It had to happen sooner or later. With Barbie and now Hannah Montana merchandise dominating the tween to early teenage market in Malaysia, products for young Muslim women in hijab are starting to appear, particularly on the bookshelves. And they look very pink.
There are also whiffs of collusion with the Disney conglomerate’s marketing strategies; princesses sell. Now, I’m not the only one who thinks that princesses make one of the worst kind of role models. They’re expected to be beautiful, rescued by Prince Charming, and either acquire or inherit wealth and royal status patrilineally. But then, stories of princesses and other beautiful heroines make an obvious progression towards the Malay novel and its main theme: romance. The contemporary romance novel is pretty much the only form of Malay fiction writing popular today. So pervasive is the Malay romance novel that it’s even taught in schools as ‘Malay literature’.
I’m assuming that this is part of the mainstreaming of ‘Islamic culture’ to reach out to younger Muslim-Malaysians. It’s saying that you can be hip and with the times and still be a good Muslim. But here, to be hip is to be a sad carbon-copy of Disney princesses with blue eyes and fair-skin and colluder of Western gender stereotypes.
Other examples of ‘pink and feminine’ novels for Muslim young women:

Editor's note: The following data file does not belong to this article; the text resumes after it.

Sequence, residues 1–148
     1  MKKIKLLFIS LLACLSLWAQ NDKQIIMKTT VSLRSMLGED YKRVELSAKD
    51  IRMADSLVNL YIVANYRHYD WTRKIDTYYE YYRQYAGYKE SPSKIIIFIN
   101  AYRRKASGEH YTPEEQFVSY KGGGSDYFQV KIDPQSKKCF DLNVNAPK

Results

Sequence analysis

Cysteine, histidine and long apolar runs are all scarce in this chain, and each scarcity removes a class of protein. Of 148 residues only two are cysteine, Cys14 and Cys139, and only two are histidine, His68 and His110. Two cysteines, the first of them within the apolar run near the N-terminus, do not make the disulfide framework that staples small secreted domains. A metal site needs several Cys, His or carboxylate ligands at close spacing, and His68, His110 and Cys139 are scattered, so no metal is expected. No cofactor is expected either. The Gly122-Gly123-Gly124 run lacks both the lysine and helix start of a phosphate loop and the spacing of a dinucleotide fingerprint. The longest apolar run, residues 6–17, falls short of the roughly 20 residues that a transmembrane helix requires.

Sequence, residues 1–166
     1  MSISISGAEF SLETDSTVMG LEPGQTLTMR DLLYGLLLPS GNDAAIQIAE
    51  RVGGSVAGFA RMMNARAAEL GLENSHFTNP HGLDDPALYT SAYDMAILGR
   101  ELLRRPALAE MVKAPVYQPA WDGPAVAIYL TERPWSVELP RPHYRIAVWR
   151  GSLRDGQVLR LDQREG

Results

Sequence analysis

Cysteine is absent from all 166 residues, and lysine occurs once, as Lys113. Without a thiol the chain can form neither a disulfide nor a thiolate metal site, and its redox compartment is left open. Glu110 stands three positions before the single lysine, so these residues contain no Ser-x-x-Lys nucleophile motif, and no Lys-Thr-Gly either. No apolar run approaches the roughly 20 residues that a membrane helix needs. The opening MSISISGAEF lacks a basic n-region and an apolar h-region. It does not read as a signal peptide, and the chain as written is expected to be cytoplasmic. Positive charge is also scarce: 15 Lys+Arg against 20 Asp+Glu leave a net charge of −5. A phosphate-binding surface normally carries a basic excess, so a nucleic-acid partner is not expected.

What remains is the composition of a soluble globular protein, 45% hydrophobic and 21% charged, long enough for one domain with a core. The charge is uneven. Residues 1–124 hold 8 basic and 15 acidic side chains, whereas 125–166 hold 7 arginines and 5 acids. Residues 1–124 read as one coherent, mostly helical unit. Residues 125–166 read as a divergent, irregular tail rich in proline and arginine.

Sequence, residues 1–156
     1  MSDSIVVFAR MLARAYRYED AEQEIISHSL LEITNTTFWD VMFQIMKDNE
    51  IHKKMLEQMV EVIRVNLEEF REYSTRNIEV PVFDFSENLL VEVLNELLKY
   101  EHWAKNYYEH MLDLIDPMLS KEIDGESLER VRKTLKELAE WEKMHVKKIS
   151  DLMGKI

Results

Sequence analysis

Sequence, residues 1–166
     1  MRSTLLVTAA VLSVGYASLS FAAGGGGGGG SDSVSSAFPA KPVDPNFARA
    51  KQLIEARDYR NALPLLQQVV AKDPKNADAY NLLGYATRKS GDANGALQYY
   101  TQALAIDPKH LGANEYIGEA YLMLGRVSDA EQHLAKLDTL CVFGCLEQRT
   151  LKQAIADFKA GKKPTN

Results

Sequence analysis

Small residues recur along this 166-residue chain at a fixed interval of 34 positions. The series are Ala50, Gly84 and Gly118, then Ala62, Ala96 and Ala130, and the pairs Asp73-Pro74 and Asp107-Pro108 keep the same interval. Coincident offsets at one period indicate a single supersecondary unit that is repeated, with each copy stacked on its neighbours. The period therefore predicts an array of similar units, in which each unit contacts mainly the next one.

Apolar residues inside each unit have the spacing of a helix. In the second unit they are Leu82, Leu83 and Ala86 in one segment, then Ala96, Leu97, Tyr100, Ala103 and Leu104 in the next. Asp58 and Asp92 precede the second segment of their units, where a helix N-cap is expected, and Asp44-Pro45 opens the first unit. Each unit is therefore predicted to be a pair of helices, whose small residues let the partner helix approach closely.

Last time I was back home in KL I was eager to find out whether there were any good books written in Malay. Being in the UK for a while made me miss all things Malay – so I started with books. I know for a fact that KL in particular is a host to a number of good bookshops, and some can be pretty darn huge (though I wonder who even buys books nowadays?). However on my return to my Malay-speaking homeland I was disappointed to find a dismal number of books in the Malay language. If you’re asking, “What about all those novels with lots of ‘Cinta’ and ‘Rindu’ on the titles? There are loads of them!”. Oh yes, there are many, but they are, to put it kindly, fit for the bin.
My first (and hopefully last) visit to the mammoth-sized waste of space, The Pavillion, in Bukit Bintang presented to me the possibility that Malay writing has no space in this shopping orgy we call Malaysia. Upon discovering Borders (yet another unnecessary American import), I skimmed past aisle label after aisle label looking for “Bahasa Malaysia”, and gave up. I couldn’t find it. So I asked one of Border’s very few staff to show me the goods.